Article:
When I started knitting socks I kept hearing about Blocking, hadn’t a clue what it was. There was mention of, what I thought at the time, expensive sock blockers. After all wouldn’t feet block socks? Then Wire coat hangers, Blue Peter style, were mentioned and I started to get worried. I was missing something. I know everyone doesn’t see the need to block socks and I was one. But. Here’s a good example, I think, of where they make a sock look something, even wearable!

Not the best picture, because of the arctic conditions here. Socks for Olive Oil perhaps, certainly not for my thick calfs and ankles.

Soaked and stretched onto blockers, they become presentable and actually look wearable.

The pattern opens up and the effort was all worth it.

Pattern: Socktopus Socks Club August 2008, Hopscotch Socks by Anna Bell.

Yarn: Brooklyn Handspun Soft Spun

Colour: Toadstool

Method: Toe up. Magic Loop, my first attempt and I have enjoyed it so much the next pair were quickly transferred once the needle became available. One of the cables involved two needles I got some strange looks on the train when I had two cable needles sticking out of my mouth.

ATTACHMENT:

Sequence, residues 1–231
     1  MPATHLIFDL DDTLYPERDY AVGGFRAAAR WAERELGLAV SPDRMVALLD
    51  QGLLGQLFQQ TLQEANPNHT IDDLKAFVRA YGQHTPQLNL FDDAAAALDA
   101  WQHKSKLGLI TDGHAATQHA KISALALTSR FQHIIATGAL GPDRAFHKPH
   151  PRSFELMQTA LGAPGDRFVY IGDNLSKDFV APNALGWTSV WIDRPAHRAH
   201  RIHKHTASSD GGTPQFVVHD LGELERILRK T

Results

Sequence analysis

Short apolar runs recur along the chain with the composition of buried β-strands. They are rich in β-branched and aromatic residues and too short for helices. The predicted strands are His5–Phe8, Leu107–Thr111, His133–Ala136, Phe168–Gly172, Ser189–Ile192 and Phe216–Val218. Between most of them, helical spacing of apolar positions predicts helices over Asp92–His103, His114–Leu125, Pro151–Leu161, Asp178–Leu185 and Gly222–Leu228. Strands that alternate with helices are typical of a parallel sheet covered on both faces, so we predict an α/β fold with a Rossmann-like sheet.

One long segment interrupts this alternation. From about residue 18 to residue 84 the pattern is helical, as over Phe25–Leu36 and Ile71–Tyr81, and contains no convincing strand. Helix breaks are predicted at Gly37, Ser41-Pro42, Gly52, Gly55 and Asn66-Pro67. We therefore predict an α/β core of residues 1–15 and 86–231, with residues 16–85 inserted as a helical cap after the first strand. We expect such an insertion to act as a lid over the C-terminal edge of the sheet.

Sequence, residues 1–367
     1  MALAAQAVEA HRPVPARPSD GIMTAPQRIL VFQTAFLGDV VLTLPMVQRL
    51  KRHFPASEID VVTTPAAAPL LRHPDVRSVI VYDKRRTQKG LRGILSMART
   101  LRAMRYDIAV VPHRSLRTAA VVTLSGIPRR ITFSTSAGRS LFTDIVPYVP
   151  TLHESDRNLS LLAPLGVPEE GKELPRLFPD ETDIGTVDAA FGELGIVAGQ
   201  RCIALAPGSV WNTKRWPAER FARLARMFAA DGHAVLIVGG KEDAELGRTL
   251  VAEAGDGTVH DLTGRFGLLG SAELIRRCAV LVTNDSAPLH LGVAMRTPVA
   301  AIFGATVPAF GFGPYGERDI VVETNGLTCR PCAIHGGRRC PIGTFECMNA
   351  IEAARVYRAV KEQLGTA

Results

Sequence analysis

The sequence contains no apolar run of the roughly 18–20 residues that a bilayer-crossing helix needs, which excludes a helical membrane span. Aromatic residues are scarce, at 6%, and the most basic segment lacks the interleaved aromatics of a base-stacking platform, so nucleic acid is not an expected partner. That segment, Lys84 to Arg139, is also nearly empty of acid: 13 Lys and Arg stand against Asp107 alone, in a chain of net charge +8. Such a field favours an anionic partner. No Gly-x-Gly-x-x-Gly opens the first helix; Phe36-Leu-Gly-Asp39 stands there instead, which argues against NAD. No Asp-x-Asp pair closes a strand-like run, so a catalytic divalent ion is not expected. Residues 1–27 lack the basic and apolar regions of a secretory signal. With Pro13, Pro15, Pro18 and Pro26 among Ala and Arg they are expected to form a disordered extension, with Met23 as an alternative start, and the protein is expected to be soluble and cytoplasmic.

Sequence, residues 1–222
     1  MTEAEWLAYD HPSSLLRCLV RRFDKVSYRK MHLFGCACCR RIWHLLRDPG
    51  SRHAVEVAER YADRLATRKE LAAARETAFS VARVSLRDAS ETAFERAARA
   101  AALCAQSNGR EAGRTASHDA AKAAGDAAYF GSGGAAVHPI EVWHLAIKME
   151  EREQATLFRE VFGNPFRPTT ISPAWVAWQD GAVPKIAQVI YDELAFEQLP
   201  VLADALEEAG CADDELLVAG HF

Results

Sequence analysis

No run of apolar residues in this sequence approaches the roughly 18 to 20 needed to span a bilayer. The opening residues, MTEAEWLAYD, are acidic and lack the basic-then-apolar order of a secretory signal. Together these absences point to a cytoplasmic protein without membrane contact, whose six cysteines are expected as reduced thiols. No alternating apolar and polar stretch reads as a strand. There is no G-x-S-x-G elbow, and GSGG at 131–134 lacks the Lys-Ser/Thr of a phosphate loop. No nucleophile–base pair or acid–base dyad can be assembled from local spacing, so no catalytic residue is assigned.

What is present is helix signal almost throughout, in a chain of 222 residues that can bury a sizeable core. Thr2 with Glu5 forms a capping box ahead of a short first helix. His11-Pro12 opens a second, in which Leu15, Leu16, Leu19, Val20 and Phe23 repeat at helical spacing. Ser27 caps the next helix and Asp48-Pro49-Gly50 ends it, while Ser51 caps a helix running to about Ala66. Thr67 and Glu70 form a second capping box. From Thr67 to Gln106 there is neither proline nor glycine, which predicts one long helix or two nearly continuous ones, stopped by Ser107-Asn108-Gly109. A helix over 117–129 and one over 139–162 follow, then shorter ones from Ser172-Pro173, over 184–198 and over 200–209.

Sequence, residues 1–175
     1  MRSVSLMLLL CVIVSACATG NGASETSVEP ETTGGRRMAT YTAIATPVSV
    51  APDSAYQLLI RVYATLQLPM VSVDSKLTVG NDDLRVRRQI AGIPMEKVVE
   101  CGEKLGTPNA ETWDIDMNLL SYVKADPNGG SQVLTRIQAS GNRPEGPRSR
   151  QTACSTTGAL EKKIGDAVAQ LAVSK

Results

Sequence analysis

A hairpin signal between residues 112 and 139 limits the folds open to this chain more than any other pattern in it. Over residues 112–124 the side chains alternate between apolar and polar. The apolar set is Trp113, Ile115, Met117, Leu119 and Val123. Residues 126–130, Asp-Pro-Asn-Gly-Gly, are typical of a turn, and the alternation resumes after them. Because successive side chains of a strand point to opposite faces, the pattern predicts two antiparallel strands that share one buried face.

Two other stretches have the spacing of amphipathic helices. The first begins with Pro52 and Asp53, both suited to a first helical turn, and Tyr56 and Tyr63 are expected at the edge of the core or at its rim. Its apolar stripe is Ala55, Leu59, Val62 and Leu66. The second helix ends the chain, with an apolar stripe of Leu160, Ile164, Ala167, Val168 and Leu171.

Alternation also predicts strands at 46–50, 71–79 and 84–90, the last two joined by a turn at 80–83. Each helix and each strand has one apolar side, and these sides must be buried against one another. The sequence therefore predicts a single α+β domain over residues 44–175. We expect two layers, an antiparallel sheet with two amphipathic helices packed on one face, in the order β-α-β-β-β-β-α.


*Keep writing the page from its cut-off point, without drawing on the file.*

8 responses to “Blockhead

  1. lovely!
    can I ask where you got the sockblockers from?

  2. Gorgeous, I love the colours. I’m so glad I joined the club for next year.

  3. Gorgeous, makes me sorry I’m not much of a sock knitter!

  4. I love how this pattern opens up and looks so pretty when stretched on the blockers or feet, not much to look at before hand though!

    Yours look fabulous 🙂

  5. They are so lovely, I laughed imagining you on the train with the heedles sticking out of your mouth!

  6. Really lovely. I passed on buying some sock blockers once, when I had only knit a few pairs and couldn’t yet see the point. Still kicking myself.

  7. Beautiful! I have joined the Socktopus club this year, couldn’t resist…

  8. Love the handspun scarf. Is the garter stitch piece you’ve started the dish cloth? It looks really gorgeous. Love the colours and the pattern.

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